Defining employee experience in traditional HR was very clear. Due to the changing face of competition and talent war, employee experience definition looks quite different today depending on the organization. The relationship between employer and employee had developed since the utility era. During the utility era, the relationship with the employee had the simplest form. It was limited to the essential tools and resources provided for the employees to get their job done. The productivity era followed the utility era, where organizations focus on task completion and the rate of productivity per employee. Still, there was no answer to employee expectations and needs, and the organization could not create a place where the employee would genuinely want to remain in it.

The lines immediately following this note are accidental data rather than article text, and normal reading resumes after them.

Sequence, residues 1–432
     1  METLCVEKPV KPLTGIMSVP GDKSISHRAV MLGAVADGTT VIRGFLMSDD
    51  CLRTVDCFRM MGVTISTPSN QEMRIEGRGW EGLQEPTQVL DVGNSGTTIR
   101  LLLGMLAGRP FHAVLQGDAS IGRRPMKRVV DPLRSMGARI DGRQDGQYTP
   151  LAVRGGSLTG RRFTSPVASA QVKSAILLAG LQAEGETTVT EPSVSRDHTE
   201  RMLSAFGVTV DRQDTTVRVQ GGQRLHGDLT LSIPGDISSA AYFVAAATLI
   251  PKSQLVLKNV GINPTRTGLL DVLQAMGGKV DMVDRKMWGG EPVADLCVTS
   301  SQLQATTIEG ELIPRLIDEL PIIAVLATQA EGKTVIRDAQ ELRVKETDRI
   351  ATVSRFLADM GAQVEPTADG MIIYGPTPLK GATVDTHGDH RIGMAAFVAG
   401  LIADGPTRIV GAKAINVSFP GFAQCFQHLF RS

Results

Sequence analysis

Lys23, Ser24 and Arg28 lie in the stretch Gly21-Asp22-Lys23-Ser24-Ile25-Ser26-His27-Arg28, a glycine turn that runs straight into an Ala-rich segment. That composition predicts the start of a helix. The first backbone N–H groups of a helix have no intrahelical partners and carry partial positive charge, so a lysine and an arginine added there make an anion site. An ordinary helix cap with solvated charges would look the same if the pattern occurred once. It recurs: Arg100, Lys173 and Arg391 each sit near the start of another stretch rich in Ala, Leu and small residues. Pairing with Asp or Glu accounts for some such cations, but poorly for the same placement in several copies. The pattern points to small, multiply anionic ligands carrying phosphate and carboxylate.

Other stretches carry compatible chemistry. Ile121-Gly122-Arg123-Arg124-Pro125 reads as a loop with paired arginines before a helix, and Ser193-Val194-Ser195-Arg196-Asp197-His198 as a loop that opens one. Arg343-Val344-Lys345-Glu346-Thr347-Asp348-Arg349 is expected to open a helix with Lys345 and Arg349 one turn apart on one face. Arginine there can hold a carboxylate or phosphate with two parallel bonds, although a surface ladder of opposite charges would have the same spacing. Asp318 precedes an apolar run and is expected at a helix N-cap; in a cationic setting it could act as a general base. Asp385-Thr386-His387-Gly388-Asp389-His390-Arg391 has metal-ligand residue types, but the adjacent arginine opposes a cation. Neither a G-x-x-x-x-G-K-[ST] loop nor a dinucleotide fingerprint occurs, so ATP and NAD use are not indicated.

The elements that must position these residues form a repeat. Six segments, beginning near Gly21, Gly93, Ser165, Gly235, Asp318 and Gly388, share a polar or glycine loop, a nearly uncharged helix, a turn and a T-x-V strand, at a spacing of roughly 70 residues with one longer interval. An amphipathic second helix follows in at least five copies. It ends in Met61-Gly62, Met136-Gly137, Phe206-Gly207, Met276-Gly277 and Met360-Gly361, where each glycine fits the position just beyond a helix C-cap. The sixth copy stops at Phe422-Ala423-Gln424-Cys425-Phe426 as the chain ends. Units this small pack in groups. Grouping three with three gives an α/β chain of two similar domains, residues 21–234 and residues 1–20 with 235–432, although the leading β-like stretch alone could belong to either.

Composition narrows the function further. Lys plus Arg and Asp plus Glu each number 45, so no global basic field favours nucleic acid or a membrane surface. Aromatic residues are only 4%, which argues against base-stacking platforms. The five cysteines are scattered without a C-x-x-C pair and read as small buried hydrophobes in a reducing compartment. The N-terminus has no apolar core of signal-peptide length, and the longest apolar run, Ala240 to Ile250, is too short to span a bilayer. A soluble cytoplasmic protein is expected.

That’s when HR understood they should pay more attention to values beyond just extracting more from employees. Hence the era of engagement or enlightenment was born, emphasizing understanding employees’ expectations and their view over the organization. The engagement measure categorizes three types of employees: actively disengaged, not engaged, and engaged. Organizations measure engagement by conducting surveys with different frequencies. Continuous measurement is the top priority in the human-associated analysis. Running a short pulse survey weekly, monthly snapshots, semiannual reviews, and a larger state of the company survey could help reflect what’s going on in the company. Yet, these frequent pulsings work as adrenaline shots that boost employee satisfaction and happiness temporarily. In other words, employee engagement effort does not necessarily create trust and loyalty and brings no long-term business impact for the organization. So the organization in desperate need of an ongoing design.